Probate: involves seeking approval from the Court to transfer titles to property and respond to the debts of an estate.
Independent Administration in Texas: Is the process where the Court can approve an executor or an administrator to handle the administration of the Estate without further supervision of the Court.
Independent administration can help avoid extra expenses and delays by allowing the executor or administrator to settle the affairs of the Estate without repeated hearing to seek approval from a Judge.
Dependent Administration in Texas: Dependent Administration usually happens when no will exists for an Estate. This requires a higher level of supervision from the Court. The Court will appoint an administrator to handle the estate via Letters of Administration. The administrator must get approval from the judge for every step in the process. This can become timely and costly for the estate to obtain approval throughout the process.
Muniment of Title: Is a simple and inexpensive way to transfer assets as long as a will exists. It can be used when 1.) a will exists 2.) there are no outstanding debts, other than the homestead and 3.) Medicaid has no claim against the estate for recovery of benefits. A muniment of title is a process where you file the will with the court for confirmation that it was properly executed and provides evidence of ownership without any administration of the estate.
Small Estate Affidavit: If an estate has no will, no conflicts of interest, and does not value over $75,000.00, then the heirs can file a simple affidavit to collect the estate. Small Estate Affidavits are filed with the Court and approved by the Judge. They are only available to the spouse and children of the decedent, or an adult child still living in the home.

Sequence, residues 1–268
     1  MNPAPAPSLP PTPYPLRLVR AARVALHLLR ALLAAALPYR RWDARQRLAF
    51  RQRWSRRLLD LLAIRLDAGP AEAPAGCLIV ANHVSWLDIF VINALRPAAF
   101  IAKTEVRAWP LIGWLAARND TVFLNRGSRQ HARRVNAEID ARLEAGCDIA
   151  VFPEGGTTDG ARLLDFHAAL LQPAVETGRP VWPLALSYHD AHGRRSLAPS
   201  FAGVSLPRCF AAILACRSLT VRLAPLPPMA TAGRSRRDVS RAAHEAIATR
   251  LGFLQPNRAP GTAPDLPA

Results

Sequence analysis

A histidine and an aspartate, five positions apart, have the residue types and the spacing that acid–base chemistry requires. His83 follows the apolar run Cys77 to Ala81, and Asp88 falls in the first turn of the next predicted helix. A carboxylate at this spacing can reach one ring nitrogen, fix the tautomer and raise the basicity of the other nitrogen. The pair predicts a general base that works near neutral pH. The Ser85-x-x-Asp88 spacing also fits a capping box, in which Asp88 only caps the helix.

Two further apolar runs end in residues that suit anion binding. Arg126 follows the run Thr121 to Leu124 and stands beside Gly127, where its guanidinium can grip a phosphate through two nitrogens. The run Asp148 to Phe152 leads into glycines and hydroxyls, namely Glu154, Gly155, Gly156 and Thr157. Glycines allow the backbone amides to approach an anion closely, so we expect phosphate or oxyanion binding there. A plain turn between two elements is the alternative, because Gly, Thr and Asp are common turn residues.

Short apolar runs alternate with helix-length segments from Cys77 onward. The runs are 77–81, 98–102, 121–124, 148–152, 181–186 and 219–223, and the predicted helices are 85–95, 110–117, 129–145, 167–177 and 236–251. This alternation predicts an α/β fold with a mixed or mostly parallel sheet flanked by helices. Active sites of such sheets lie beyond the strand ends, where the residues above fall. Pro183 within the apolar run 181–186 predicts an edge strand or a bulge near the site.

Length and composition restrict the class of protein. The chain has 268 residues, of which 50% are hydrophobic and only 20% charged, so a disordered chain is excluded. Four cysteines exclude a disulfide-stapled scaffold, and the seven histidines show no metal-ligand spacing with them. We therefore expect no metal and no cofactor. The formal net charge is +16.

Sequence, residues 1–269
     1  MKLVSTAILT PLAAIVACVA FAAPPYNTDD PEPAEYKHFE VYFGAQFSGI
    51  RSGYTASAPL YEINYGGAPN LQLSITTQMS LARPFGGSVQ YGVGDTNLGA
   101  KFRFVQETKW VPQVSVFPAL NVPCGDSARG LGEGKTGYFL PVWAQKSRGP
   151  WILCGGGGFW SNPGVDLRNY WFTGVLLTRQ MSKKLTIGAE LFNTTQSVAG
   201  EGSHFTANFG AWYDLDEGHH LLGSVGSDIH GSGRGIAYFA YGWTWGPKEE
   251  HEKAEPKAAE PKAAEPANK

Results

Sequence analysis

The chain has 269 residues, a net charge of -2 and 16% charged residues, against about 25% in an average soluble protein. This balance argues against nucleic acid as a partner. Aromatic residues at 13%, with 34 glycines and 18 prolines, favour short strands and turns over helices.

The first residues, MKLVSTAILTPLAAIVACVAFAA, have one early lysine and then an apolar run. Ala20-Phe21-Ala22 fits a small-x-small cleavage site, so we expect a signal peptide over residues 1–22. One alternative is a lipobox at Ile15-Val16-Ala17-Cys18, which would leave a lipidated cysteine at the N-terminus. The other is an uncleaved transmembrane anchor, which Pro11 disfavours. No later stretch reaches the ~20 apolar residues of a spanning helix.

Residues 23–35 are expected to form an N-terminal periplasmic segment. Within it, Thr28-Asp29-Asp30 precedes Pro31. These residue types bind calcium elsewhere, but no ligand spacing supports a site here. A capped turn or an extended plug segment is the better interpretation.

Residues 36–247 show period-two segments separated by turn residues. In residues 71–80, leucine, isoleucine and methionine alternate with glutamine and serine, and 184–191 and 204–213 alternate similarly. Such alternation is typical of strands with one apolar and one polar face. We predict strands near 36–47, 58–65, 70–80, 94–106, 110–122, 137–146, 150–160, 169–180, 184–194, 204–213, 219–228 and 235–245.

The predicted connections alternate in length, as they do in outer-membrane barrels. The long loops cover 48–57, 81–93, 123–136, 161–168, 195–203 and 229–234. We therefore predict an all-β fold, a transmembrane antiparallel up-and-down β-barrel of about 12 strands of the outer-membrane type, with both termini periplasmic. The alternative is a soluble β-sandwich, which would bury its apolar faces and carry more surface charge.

Handling the estate of a loved one is never an easy task. If you have questions regarding Probate or any other Estate service, do not hesitate to contact us. We are here to help. Follow this link to the Texas State Law Library for more information regarding Texas Probate Laws.
Separate Property is that which is owned before marriage. It can also include gifts received or inherited during marriage.
Community property is all remaining property that is not separate property.
So what qualifies as property in wills and probate? It includes real property such as, land, land improvements, and mineral rights. It also includes personal property such as, cash, bank accounts, clothing, home furnishings, automobiles, stocks and bonds, life insurance policies, and retirements accounts. It is important to note that many benefit policies will be administered to the beneficiary listed on the account. This property will not be dispersed to heirs if a beneficiary exists. A will also cannot settle any non-probate assets.
Non-Probate Assets include: Property passing by contract (life insurance, IRA’s employee benefits), property passing by survivor-ship (joint bank accounts, joint stocks and bonds, and savings bonds), and property held in trust (trusts created by the decedent prior to death to care for another).
People often wonder how long it takes to probate a will in Texas. State and local Court rules govern the amount of time it takes. The executor or the estate administrator will be required to follow these rules. Generally, you will be required to file an application for probate, then give notice to the public, creditors, and beneficiaries. It is important to realize that if an estate is extremely complex or if there is a dispute from either a creditor or a beneficiary, the process can take much longer to finalize.
Texas Estates Code states that an executor of the will has four years from the date of the decedent’s death to file for probate. If the application is not filed within four years, then the estate could be subject to the laws of intestacy, meaning the estate could be handled as if no will existed. If you or a loved one need assistance or simply have questions about the probate process, please contact us to discuss the details of your situation. We understand the complications that can accompany these life events.